So, it seems like I must be doing something wrong. I feel that my resume is strong enough and that my cover letters are focused enough. I’ve been in contact with many people in the industry at different companies and have been given the chance for informational interviews. However, before I am brought in, I am always told that there are absolutely no open spots and it is made very clear that this is not a job interview. What am I missing? I’m in the same boat with every other undergrad having minimal related work experience. I’ve graduated with economic honors (3.6+) from a top 20 undergrad, I’m at a different school (3.85 gpa) now pursuing a cpa (because I want it), and I can’t get anyone to look at me. My people skills are fine, people enjoy talking to me. Sorry if this is just a pointless rant, I’m just extremely frustrated. I don’t feel like just because of school or grades that I am entitled to a job. However, I just thought the whole process of job searching would be a little bit easier by going to a good school and working really hard. If anyone has any suggestions please let me know.
Trust me, you are not the only one. Keep trying…
Well, it is all about the law of large numbers. You are probably the unlucky one but such is life (billions of people have life worse than you). Keep trying and keep improving, eventually you will get something.
Interviews will come when you forget about the position you applied for. Or when you do not need them any more because you have just land on new job. I got a few calls within a week from I started this job. My point is, like other folks said, you just have to keep trying. You never know. Sometimes opportunities find you even before you find them. But you have to expose yourself to mkt. Good luck!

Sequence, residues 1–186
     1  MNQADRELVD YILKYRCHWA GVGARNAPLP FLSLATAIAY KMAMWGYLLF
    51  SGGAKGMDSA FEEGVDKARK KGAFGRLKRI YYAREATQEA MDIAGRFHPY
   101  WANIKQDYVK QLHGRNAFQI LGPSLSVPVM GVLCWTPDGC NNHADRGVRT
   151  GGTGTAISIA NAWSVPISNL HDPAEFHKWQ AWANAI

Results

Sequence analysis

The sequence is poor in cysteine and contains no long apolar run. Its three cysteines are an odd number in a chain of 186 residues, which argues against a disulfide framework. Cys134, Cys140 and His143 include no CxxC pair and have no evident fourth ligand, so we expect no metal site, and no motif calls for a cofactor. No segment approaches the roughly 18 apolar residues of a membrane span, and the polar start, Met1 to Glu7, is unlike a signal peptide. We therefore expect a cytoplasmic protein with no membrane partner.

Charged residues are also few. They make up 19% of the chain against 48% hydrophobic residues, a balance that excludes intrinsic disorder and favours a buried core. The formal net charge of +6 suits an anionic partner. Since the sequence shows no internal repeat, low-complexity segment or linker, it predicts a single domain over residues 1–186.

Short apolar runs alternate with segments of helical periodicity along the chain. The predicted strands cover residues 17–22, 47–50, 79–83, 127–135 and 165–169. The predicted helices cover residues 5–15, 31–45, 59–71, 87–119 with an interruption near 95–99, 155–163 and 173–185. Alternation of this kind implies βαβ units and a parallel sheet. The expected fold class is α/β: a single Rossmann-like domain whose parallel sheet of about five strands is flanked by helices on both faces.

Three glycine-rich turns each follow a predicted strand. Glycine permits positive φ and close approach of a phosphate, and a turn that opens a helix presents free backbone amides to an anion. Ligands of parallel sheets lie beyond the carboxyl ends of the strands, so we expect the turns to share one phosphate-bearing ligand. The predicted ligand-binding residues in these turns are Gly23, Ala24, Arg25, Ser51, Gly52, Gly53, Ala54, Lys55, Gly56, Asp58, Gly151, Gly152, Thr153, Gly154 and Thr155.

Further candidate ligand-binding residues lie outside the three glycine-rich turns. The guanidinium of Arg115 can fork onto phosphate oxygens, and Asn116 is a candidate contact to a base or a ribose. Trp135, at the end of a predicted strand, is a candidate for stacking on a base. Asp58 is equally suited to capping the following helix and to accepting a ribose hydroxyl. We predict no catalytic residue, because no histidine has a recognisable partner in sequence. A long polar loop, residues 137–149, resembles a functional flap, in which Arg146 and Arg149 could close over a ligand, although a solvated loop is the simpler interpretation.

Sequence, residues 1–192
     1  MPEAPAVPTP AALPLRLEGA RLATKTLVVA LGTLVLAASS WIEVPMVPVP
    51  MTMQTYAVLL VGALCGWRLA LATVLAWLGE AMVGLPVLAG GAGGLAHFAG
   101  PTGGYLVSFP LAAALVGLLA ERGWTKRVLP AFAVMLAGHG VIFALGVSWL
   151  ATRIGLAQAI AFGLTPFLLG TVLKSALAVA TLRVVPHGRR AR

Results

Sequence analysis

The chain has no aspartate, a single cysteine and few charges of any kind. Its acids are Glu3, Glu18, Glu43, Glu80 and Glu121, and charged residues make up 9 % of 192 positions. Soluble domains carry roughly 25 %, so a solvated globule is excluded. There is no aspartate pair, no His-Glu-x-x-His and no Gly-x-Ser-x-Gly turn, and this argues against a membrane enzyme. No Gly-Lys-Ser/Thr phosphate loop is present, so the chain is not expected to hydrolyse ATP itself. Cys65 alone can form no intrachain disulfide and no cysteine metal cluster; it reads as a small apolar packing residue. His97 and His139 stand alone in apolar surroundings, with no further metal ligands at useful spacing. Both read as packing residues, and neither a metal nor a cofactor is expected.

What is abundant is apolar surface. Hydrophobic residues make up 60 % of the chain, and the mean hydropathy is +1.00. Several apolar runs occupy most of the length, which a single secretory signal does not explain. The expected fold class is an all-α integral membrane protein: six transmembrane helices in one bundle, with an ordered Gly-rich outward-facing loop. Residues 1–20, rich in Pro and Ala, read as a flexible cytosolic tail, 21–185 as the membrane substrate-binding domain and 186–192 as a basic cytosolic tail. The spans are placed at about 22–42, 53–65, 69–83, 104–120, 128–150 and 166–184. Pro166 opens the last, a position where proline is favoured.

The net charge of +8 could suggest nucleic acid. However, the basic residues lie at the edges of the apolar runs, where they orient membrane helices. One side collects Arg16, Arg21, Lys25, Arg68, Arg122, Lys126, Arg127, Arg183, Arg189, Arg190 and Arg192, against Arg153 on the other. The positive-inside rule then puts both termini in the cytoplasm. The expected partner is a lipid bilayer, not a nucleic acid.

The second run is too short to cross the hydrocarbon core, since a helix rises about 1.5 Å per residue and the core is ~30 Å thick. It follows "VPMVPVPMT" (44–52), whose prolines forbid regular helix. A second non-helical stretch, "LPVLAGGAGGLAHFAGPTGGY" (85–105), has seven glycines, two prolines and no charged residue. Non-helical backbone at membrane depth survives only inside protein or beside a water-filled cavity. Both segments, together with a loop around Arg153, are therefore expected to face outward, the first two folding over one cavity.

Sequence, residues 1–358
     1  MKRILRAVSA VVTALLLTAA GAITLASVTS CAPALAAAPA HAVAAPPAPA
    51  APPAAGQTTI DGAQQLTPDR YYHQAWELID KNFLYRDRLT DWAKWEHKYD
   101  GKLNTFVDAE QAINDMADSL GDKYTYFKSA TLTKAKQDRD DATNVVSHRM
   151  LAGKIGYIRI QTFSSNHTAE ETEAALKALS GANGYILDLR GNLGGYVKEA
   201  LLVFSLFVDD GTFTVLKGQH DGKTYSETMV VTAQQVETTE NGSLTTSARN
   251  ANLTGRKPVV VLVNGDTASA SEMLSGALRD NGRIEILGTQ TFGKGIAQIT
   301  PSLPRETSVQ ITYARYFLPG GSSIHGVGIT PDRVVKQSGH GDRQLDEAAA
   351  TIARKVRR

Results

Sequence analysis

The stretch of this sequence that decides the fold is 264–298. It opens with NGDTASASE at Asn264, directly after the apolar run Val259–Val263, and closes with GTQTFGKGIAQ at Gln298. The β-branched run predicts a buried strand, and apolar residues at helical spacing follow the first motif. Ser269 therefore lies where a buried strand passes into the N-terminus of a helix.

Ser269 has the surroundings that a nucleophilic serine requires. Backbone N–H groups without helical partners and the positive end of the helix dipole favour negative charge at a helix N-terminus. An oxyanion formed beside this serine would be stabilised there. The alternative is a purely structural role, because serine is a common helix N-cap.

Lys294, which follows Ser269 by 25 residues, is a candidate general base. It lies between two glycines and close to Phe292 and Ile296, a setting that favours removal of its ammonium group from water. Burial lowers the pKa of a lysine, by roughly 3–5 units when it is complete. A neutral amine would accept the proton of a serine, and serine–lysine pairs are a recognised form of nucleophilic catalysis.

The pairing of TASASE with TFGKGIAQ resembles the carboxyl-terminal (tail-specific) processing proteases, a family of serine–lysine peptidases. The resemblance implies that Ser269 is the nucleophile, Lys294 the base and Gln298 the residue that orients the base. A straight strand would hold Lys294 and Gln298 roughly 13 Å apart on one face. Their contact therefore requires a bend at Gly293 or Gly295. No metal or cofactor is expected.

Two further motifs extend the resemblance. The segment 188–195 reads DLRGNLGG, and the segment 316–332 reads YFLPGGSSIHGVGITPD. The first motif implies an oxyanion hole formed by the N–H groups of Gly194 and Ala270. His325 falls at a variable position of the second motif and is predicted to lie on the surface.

zigy, dead on. I sent out 85 resumes in 6 weeks, heard back from maybe 10 companies and got a job offer on Monday. Since accepting the offer, I’ve had around a dozen phone calls asking me to come in for an interview. It’s like some sort of universal law.
goldenkah2 Wrote: ------------------------------------------------------- > So, it seems like I must be doing something wrong. > I feel that my resume is strong enough and that > my cover letters are focused enough. I’ve been in > contact with many people in the industry at > different companies and have been given the chance > for informational interviews. However, before I > am brought in, I am always told that there are > absolutely no open spots and it is made very clear > that this is not a job interview. > > As a rule of thumb, you should never use the informational interviews to solicit a job. The other person already knows that you are looking for a job. If they had one, they probably would hire/interview you then. The objective is to learn about a particular company or a position, get feedback on your capabilities versus the job/market, and hope that they know someone who knows someone with a job; its the weak associations which land you a job.